Even with the election long over and its results no longer in doubt, mainstream media continue to try to paint Republican electoral victories as triumphs of racism over reason.
Republicans might still prevail in racist strongholds, but their margins of victory are reduced by decent people doing the right thing and voting for Democrats, according to “Red state blues: Mike Espy’s loss in Mississippi still brings good news for Democrats” subhead: “What Mike Espy’s defeat can teach us about winning Senate races in deep red states” by Matt Rozsa.
Ignoring Democrat Senate victories in New Jersey, where the incumbent won despite spending much of his last term fighting criminal charges, and Montana, where the Democrat incumbent held on despite leveling false charges at Ronny Jackson, the White House doctor Trump appointed to run the VA, Rozsa attempts to make the case Democrats have to run perfect races to win in conservative states, but Republicans can make numerous mistakes – from racist “gaffes” to “controversial comments about women” – and still hold on in conservative bastions.
“There are some striking parallels between last week’s Mississippi Senate runoff, in which Republican Cindy Hyde-Smith defeated Democrat Mike Espy, and two other recent Senate elections in red states in which the Democrat would up having a stronger campaign than would normally be expected,” Rozsa wrote at the beginning of the piece.
In North Dakota and Alabama, the Republican candidates were “mired in controversy while the Democratic challenger attempted to be as non-controversial as possible by identifying with the party’s centrist wing,” Rozsa wrote.
In Alabama, where Moore was accused of sexual misconduct by a number of women – “women, to be clear, who were underage at the time the alleged incidents occurred” – the problems were so pervasive “even many Republicans found it necessary to denounce him or at the very least distance themselves from his campaign, allowing for a Democrat to win a state that had gone for Donald Trump by nearly 30 points only one year before.”
But in North Dakota, Heidi Heitkamp, the Democrat incumbent, lost because voters there don’t care about women’s rights, Rozsa wrote. “It is not inconceivable that she could have retained her seat,” despite Trump winning the state by 36 points in 2016. She had “emerged as one of his closest Democrat allies in the Senate and “identified with the party’s more conservative wing.”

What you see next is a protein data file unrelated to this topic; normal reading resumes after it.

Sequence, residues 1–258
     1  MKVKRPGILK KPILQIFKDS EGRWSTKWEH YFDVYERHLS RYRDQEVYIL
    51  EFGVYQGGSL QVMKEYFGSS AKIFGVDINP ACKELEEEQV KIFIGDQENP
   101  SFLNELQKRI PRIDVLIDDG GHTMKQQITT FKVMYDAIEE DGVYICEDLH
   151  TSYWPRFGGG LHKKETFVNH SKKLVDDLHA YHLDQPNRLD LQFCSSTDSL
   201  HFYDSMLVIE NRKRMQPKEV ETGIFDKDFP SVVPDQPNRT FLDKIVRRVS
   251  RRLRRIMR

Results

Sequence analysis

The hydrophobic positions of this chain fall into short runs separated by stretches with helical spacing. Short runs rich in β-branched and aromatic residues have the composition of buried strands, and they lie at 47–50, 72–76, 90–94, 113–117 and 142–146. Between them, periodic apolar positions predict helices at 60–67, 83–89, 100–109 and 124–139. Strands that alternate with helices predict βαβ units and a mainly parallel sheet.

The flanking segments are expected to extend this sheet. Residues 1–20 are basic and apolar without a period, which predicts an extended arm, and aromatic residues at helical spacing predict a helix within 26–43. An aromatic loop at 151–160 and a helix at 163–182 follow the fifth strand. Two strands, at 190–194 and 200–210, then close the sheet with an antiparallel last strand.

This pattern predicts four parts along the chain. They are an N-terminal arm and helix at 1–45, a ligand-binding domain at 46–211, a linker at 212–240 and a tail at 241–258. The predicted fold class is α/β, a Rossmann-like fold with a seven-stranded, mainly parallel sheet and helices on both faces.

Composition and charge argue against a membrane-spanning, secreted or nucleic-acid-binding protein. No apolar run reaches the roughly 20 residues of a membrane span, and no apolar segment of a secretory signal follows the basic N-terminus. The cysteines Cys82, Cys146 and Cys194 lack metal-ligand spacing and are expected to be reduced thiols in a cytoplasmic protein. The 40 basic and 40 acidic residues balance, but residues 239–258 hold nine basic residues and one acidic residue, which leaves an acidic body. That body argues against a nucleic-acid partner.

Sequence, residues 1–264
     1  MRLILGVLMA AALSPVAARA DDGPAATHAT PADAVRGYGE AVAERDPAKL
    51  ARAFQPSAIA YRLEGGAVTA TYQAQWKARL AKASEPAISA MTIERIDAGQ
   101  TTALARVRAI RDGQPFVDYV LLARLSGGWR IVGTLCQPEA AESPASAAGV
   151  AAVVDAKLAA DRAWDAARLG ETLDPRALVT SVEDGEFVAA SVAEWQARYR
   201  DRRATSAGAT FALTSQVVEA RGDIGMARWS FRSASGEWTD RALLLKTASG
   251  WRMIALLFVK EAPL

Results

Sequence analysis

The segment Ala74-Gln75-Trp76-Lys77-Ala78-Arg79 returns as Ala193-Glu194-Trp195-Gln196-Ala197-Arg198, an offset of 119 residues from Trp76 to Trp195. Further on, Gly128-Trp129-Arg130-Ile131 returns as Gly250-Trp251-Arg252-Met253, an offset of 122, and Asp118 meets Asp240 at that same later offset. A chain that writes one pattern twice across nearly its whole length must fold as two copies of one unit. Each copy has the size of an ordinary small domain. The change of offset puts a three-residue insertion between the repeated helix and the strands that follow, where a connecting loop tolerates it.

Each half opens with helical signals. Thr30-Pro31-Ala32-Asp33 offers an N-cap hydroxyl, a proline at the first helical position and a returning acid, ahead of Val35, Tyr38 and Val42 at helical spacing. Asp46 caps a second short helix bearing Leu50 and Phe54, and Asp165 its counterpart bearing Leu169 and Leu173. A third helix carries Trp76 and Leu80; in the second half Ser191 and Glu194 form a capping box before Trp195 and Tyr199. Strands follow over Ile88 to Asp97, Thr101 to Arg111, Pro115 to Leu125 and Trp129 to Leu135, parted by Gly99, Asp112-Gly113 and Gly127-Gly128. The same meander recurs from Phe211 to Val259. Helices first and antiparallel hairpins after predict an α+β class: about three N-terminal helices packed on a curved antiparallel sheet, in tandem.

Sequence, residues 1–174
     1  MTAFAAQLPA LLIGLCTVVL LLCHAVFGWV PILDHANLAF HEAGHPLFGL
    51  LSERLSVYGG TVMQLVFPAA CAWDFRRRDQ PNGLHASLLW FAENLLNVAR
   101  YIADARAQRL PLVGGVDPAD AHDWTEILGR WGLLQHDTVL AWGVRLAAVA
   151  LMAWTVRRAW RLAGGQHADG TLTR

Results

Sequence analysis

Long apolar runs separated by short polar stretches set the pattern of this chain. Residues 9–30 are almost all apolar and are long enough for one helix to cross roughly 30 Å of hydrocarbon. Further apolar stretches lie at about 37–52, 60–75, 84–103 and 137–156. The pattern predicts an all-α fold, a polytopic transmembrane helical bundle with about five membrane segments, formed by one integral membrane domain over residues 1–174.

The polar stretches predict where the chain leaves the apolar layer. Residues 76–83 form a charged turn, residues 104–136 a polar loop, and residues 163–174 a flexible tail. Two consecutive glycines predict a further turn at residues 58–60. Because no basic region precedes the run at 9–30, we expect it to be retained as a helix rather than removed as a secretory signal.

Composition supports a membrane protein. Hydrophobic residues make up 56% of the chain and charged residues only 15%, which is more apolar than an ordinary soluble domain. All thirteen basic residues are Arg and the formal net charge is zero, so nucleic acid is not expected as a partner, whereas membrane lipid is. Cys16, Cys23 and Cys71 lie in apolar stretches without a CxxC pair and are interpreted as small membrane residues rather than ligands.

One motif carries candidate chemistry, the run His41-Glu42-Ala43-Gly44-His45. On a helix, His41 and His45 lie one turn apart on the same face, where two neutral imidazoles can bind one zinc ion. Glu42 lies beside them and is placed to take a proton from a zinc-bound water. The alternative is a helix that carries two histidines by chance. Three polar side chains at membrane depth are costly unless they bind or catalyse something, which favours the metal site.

Her opponent, Kevin Cramer, had a “history of making controversial comments about women.” Those comments included Cramer, a Republican member of the U.S. House of Representatives, saying Brett Kavanaugh, the nominee of the Republican president to the Supreme Court, should be confirmed.
The part that made Cramer’s comments especially controversial, Rozsa wrote, was when he told a North Dakota reporter “Even if it’s all true, does it disqualify him? It certainly means he did something really bad 36 years ago, but does it disqualify him from the Supreme Court?” Cramer also supposedly called the #MeToo campaign “a movement toward victimization,” Rozsa wrote.
But one mistake by Heitkamp – “running an ad that accidentally identified sexual assault survivors” – and she had broken one of the first rules of running for higher office as a Democrat in Republican state, which is that your margin for error is virtually non-existent. It also didn’t help that Cramer’s views toward women were not regarded as controversial among many of his fellow conservatives.”
Espy made no such gaffes, Rozsa wrote. But he lost anyway despite Hyde-Smith having “made a number of racist ‘gaffes’ while running against an African-American opponent in the general. These included joking with a supporter about attending a public hanging, talking about how she would support stopping liberals from voting and failing to adequately address the controversy over her having attended a segregation academy as a child, as well as sending her daughter to a school founded as a segregation academy.”